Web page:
Company Aytch by Sam Watkins
Told from the point of view of an ordinary foot soldier, this personal memoir has been hailed as one of the liveliest, wittiest, and most significant commentaries ever written on the Civil War.
Among the plethora of books about the Civil War, Company Aytch stands out for its uniquely personal view of the events as related by a most engaging writer—a man with Twain-like talents who served as a foot soldier for four long years in the Confederate army.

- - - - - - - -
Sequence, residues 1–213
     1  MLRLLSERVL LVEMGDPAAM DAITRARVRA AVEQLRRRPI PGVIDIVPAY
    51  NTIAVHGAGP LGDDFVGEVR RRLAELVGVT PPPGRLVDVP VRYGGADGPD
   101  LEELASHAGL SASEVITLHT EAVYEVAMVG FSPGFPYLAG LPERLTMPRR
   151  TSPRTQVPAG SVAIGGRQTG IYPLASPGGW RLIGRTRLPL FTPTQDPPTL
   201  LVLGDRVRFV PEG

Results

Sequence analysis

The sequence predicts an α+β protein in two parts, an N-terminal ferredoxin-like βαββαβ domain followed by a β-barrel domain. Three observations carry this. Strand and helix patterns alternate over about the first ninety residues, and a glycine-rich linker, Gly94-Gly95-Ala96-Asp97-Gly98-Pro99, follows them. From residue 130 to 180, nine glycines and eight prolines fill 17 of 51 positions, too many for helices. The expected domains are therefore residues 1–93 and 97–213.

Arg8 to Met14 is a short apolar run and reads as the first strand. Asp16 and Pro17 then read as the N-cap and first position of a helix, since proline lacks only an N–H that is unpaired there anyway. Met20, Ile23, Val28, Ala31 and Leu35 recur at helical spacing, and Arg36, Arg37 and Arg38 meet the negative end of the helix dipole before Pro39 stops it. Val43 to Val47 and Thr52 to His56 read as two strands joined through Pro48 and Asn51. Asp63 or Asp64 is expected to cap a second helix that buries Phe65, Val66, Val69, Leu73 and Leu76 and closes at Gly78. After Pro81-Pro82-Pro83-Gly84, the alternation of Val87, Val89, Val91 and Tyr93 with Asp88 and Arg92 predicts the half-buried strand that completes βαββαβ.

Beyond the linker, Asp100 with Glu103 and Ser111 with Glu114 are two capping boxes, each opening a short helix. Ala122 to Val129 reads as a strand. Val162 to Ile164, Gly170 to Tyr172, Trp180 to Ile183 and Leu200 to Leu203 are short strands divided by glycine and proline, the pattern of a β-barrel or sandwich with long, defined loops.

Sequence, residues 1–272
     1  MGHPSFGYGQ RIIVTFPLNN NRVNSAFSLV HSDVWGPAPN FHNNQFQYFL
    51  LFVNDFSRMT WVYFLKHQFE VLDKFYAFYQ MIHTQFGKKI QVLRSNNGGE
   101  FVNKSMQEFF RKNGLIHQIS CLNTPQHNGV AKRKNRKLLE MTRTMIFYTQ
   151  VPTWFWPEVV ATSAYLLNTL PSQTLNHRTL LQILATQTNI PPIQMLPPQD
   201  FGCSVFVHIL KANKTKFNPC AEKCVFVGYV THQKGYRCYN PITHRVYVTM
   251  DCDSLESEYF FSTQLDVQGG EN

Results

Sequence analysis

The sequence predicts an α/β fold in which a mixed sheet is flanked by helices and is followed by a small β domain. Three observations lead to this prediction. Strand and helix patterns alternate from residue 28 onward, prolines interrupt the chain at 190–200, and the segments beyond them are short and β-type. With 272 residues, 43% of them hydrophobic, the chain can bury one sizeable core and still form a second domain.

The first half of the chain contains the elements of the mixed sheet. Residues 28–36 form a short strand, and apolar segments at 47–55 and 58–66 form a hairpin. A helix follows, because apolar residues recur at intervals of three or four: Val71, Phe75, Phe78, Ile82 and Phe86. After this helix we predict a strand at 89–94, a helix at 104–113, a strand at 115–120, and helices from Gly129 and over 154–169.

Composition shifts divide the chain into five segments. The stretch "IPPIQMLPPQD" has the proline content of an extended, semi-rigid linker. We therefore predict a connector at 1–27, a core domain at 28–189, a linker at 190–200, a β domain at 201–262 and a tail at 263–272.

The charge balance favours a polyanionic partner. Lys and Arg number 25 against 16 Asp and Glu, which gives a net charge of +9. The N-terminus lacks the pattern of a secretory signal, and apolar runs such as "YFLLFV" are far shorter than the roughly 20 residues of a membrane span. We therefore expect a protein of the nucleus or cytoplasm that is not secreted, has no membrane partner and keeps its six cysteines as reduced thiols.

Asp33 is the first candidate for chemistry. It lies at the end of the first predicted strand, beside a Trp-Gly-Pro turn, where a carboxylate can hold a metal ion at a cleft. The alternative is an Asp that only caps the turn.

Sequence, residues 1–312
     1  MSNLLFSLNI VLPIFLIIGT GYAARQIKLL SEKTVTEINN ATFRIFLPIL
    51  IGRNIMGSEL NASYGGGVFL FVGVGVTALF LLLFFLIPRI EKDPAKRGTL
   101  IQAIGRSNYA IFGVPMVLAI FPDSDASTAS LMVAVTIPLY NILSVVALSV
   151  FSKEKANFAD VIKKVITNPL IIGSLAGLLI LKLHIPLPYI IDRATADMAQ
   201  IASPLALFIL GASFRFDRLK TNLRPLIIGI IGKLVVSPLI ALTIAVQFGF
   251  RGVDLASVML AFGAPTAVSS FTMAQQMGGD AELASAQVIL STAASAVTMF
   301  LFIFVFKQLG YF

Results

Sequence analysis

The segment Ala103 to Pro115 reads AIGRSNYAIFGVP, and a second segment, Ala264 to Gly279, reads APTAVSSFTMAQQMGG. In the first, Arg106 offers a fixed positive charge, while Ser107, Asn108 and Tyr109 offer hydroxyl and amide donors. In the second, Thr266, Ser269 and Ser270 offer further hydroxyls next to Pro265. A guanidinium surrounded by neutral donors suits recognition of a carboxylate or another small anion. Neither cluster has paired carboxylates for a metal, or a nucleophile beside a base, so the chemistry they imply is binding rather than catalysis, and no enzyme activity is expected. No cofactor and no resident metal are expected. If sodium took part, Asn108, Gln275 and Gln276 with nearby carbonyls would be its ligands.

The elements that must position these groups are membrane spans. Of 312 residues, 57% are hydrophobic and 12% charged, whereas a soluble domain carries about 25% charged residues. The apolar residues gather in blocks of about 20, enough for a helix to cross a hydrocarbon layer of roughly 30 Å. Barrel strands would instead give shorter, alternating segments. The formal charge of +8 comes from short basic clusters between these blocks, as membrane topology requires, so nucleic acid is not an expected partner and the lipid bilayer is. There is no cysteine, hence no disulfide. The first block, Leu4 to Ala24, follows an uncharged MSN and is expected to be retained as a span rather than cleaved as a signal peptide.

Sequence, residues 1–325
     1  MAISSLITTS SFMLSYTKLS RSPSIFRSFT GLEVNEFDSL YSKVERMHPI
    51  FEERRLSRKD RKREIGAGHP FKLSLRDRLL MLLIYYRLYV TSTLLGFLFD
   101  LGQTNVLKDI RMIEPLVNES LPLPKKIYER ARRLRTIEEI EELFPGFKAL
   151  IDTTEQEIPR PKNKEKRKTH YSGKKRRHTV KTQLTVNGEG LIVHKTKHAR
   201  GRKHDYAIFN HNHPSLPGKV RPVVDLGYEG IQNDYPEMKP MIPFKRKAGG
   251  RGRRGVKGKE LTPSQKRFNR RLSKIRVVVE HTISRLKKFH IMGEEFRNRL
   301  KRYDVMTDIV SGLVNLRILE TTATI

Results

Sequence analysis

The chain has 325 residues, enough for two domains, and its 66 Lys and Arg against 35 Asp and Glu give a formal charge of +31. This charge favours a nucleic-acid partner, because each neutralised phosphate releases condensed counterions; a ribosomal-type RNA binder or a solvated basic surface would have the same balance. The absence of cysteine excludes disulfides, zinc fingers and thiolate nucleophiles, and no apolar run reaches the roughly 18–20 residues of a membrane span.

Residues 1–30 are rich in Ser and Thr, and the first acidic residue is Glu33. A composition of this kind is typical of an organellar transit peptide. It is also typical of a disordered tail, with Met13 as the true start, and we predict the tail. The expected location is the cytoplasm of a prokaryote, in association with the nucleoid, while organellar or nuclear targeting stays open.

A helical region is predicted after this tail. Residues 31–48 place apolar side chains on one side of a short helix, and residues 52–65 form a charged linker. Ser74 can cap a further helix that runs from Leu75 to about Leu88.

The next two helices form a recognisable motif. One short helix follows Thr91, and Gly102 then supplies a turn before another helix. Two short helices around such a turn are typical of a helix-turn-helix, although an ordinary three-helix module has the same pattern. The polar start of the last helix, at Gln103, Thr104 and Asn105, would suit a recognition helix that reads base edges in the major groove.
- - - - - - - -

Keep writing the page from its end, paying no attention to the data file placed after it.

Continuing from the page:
Samuel Rush Watkins was a private in the confederate Army, a twenty-one-year-old Southerner from Tennessee who knew about war but had never experienced it firsthand. With the immediacy of a dispatch from the front lines, here are Watkins' firsthand observations and recollections, from combat on the battlefields of Shiloh and Chickamauga to encounters with Stonewall Jackson and Robert E. Lee, from the tedium of grueling marches to the terror of fellow soldiers' deaths, from breaking bread with a Georgia family to confronting the enemy eye to eye.